What Is Collapsed Lung (Pneumothorax)?
Pneumothorax is an accumulation of air in the space between the outer edge of the lung and the inner lining of the rib cage (pleural space), resulting in partial or total collapse of the affected lung. Different types of pneumothorax (spontaneous, secondary, traumatic, and tension) are distinguished by their cause. Treatment and outcome depend upon severity.
What Causes Pneumothorax?
- Spontaneous pneumothorax occurs when an air-filled blister known as a bleb ruptures on the surface of the lung. Blebs are believed to be congenital or hereditary in origin; smoking may be a contributing factor. Scuba diving or high altitudes may precipitate the rupture of a bleb. This type of pneumothorax is most common among tall, thin, and otherwise healthy men between the ages of 20 and 40, and recurs in about one-third of patients.
- Secondary pneumothorax (usually more serious than spontaneous pneumothorax) occurs as a complication of some underlying lung disorder, including chronic obstructive pulmonary disease, cystic fibrosis, tuberculosis, and certain types of pneumonia.
- Traumatic pneumothorax results from a direct puncture or laceration of the surface of the lung (which may occur with a stab wound, a rib fracture, or as a complication of a medical procedure) when air enters the pleural space.
- A tension pneumothorax develops when air entering the pleural space during inhalation becomes trapped and cannot escape during exhalation.
Symptoms of Pneumothorax
- Sudden shortness of breath (of varying degrees) and tightness in the chest
- Chest pain, usually sudden and sharp
- Bluish skin, bulging neck veins, and weak rapid pulse (in severe cases)
- Grunting with breathing
- Fast breathing
- Nostril flaring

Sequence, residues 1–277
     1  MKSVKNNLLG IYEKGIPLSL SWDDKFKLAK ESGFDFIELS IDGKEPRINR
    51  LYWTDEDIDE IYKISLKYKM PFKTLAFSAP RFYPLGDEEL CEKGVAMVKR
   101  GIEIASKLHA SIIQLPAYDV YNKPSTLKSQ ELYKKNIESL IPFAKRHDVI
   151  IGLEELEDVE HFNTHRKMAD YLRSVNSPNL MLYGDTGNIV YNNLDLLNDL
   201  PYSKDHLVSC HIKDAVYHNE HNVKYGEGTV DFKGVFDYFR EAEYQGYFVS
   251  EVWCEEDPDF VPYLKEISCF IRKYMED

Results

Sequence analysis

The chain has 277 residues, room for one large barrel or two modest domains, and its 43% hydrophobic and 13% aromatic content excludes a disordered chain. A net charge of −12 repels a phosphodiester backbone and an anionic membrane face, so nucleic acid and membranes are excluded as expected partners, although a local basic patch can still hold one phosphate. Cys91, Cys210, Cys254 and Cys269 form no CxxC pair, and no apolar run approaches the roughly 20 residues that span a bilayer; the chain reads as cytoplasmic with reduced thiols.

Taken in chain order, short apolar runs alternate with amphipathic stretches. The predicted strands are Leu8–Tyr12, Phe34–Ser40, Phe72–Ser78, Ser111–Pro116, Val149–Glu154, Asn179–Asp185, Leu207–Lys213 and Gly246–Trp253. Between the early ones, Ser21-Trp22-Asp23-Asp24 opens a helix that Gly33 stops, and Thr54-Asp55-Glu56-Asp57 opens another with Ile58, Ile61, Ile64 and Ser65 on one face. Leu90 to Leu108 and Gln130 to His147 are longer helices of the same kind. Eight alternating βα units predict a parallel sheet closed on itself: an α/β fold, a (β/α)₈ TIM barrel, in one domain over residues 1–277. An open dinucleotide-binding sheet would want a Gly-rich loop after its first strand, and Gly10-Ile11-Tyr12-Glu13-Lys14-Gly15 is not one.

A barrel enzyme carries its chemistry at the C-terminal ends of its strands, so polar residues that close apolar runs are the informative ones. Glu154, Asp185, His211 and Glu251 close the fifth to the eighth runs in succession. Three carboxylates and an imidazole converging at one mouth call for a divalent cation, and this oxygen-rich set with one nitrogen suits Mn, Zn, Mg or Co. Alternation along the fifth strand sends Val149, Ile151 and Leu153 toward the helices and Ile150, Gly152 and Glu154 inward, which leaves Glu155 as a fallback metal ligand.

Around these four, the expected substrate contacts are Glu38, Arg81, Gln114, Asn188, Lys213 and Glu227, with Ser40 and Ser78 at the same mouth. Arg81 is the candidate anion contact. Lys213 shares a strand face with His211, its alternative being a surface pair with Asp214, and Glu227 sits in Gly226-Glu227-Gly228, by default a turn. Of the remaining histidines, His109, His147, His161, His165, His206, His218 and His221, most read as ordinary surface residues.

- Use of other chest and abdominal muscles to foster breathing (retractions)
- Low blood pressure or hypotension
- Mild fever
- Rapid heartbeat
- Sudden sharp pain in the chest that worsens with deep breaths or coughing
- A distended abdomen
- Feelings of anxiety, stress and tension
- Don't smoke
- Seek prompt treatment for any existing lung disorders, such as tuberculosis or asthma.
- Patient history, examination, and chest x-rays
- CT scan, ultrasound and pulse oximetry
How to Treat Pneumothorax
- A small pneumothorax may heal on its own; a few days of monitoring in a hospital may be advised.
- More serious cases may require removal of air by suction through a needle or catheter. Using this procedure, the lung usually re-expands over several days.
- Recurrent spontaneous pneumothorax may warrant installation of irritants into the pleural space to cause the surface of the lung and the inner surface of the chest wall to fuse together.
- Surgery may be considered to repair a lung lesion causing secondary pneumothorax.
When to Call a Doctor
- See a doctor immediately if you have symptoms.
Johns Hopkins Symptoms and Remedies: The Complete Home Medical Reference
Simeon Margolis, M.D., Ph.D., Medical Editor
Prepared by the Editors of The Johns Hopkins Medical Letter: Health After 50
Updated by Remedy Health Media